Job rotation refers to the transfer of an executive from one job to another based on different work plans for learning. Job rotation enhances the acquisition of diverse work experiences with broadened knowledge and necessary understanding for more efficient management. Job rotation best suits employees with the desire to learn a wide variety of skills. Job rotation is additionally essential to the management process because it helps in the assessment of areas of improvement as well as the evaluation of employees with the potential of certain job positions (Bolden, 2016). Mentoring, on the other hand, implies a condition in which a senior organizational member gains individual interest in the career development of a junior staff member. The process of mentoring involves the provision of support to a junior employee or trainee regarding the career and even psychologically. The fact that mentoring is focused on the development of attitudes implies that it is done on one-to-one interaction which is very important in identifying the weaknesses of an individual and focus on the necessary areas of improvement (Bolden, 2016).
The management development technique of coaching implies a scenario in which an executive employee or manager is assigned a trainee or junior employee for guidance and teaching of necessary knowledge and skills to the apprentice (Bolden, 2016). Coaching generally involves the combination training of job skills with classroom instructions. This method of management development is beneficial in the light that managers learn by actions and sit also generate opportunities for high-level communication and prompt feedback on the presentation. Coaching is also most preferable because it entails one-to-one interaction and provides the opportunity to receive feedback from senior manager. Coaching also helps in the identification of areas of weaknesses and concentrate on the necessary areas of improvement. Feedbacks of coaching method are also conveniently available because they can be provided on the phone or even via e-mails and chats (Bolden, 2016).
Regarding the case study, Mary who is facing job promotion from an ordinary employee to a managerial position may have to dive into some of the skills necessary especially for the administrative role. Even though she has been considered and rated as a very lucrative employee, Mary will need interpersonal skills to be able to establish an efficient relationship with the other employees (Albrecht et al., 2015). Some other skills that she will require for the managerial position include the skills of communication and motivation, organization and delegation; strategic thinking together with the capabilities of problem-solving and decision making like Tom had to deal with the disputes of the production department and the technical staff. The training experiences that are likely to benefit Mary are the training and development processes that help oversee the employees and plan, control and synchronize programs to enhance her knowledge and skills (Albrecht et al., 2015).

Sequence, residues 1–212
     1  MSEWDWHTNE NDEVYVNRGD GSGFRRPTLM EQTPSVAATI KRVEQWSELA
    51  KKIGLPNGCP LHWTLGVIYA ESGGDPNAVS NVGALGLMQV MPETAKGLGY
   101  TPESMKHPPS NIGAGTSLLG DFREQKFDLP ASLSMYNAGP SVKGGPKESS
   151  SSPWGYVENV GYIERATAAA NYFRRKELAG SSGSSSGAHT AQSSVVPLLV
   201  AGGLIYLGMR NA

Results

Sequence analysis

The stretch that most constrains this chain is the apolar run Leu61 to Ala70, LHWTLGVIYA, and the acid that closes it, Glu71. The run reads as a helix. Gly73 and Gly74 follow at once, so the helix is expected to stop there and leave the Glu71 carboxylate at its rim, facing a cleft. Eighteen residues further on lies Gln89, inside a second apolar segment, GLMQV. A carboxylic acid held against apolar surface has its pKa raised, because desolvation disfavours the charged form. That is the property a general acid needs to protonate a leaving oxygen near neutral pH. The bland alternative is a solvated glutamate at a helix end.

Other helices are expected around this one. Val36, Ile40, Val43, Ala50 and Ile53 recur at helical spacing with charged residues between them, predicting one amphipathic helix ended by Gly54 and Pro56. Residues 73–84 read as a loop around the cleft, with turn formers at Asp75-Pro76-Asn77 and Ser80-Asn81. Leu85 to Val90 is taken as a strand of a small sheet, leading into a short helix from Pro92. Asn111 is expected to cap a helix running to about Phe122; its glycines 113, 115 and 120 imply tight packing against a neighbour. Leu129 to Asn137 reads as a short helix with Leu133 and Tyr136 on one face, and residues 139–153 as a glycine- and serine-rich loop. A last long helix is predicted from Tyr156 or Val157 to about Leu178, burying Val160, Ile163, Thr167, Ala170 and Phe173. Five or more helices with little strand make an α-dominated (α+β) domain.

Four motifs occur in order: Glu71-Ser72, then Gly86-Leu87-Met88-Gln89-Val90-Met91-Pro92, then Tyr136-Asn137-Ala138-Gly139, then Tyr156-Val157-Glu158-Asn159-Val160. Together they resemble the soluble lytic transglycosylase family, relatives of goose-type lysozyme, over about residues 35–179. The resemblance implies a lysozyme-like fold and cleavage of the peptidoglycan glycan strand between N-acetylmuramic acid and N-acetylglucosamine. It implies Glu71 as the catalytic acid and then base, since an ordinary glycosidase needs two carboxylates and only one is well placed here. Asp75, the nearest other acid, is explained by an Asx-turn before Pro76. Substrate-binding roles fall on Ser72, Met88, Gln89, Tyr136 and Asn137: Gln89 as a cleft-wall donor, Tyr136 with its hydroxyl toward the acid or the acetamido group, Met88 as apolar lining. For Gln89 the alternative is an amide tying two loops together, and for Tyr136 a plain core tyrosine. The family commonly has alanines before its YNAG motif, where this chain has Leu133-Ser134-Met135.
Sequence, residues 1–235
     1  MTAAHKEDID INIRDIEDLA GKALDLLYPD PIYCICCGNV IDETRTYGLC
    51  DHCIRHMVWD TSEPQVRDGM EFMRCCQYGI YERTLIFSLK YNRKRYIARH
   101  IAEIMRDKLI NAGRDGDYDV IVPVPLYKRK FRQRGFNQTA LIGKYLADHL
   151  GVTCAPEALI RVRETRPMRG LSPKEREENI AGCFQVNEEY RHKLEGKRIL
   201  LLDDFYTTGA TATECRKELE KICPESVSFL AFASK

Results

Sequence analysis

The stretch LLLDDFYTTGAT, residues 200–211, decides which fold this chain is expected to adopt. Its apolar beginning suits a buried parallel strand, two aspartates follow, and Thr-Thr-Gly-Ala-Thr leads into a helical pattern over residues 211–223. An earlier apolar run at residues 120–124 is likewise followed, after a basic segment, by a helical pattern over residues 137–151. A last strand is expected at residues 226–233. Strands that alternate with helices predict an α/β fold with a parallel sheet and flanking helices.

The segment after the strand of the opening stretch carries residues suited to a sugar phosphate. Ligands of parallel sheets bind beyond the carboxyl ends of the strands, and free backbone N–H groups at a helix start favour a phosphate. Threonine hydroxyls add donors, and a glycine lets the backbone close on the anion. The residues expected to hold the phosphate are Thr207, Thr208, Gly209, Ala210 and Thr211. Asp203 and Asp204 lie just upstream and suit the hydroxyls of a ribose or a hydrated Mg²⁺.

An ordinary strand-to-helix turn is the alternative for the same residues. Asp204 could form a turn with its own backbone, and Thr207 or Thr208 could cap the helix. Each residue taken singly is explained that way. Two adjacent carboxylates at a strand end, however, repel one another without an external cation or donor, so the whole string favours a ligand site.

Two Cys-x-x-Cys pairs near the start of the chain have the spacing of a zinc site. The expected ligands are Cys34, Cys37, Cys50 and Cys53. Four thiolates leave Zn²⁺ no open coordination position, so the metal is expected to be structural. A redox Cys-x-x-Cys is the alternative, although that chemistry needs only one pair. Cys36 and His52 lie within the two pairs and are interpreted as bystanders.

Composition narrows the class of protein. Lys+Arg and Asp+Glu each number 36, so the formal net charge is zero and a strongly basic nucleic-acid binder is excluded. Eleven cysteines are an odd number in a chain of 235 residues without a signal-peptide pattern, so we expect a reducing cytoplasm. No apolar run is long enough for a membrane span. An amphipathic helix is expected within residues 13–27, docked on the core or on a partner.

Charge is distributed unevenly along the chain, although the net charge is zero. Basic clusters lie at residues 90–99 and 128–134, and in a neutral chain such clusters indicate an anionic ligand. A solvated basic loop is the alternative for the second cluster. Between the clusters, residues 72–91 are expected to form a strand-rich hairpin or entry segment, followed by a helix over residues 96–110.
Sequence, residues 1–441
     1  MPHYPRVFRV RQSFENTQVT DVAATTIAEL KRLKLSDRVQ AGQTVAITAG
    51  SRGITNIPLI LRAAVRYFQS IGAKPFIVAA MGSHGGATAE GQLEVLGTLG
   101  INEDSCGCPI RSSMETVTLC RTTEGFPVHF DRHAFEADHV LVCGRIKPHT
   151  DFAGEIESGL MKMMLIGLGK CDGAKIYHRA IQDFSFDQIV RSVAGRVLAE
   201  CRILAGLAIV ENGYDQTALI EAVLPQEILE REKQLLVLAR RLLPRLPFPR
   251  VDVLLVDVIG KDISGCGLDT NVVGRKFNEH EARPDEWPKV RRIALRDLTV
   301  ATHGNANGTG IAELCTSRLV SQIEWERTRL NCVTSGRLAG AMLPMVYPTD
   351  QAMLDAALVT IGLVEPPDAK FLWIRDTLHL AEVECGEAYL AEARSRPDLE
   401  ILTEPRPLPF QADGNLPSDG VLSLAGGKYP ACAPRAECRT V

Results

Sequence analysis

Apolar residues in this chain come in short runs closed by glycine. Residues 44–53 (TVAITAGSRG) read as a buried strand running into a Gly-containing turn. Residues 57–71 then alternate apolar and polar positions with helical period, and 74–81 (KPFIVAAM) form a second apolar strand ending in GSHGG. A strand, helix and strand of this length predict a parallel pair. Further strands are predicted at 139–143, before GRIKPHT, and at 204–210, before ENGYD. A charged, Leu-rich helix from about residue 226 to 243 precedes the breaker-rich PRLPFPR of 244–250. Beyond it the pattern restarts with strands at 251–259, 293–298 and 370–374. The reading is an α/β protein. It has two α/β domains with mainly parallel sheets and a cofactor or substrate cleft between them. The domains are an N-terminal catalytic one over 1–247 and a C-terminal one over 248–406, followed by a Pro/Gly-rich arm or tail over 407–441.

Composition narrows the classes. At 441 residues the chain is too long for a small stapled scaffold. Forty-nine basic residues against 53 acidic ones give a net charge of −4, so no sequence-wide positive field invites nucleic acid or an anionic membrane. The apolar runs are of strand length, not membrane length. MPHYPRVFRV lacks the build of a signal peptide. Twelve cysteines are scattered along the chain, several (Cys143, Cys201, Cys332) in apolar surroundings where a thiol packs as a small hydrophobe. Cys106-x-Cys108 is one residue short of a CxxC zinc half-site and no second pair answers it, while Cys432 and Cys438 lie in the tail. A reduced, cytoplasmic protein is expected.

Consequently, Tom can be invited to by the organization to play a role in the development of Mary's managerial skills given the fact that he has served as a senior to Mary and therefore understands the weaknesses of Mary and the necessary areas of improvement. In this case, Tom can be invited as a coach to teach Mary and train her on the essential managerial skills that would suit the position of the manager of the productions department. Management education programs would be useful in the case of Mary because the training program would equip her with the necessary skills that are appropriate for her new role in the company. The disadvantage of undergoing management education programs is that they would be expensive and time-consuming (Albrecht et al., 2015). However, Mary can also experience management training programs especially the on-the-job development programs like coaching which can be facilitated by Tom. Coaching would be less expensive, and it can be done while Mary is on duty as the manager even though she will lack training skills.
Albrecht, S. L., Bakker, A. B., Gruman, J. A., Macey, W. H., & Saks, A. M. (2015). Employee engagement, human resource management practices and competitive advantage: An integrated approach. Journal of Organizational Effectiveness: People and Performance, 2(1), 7-35.
Bolden, R. (2016). Leadership, management, and organizational development. In Gower handbook of leadership and management development (pp. 143-158). Routledge.
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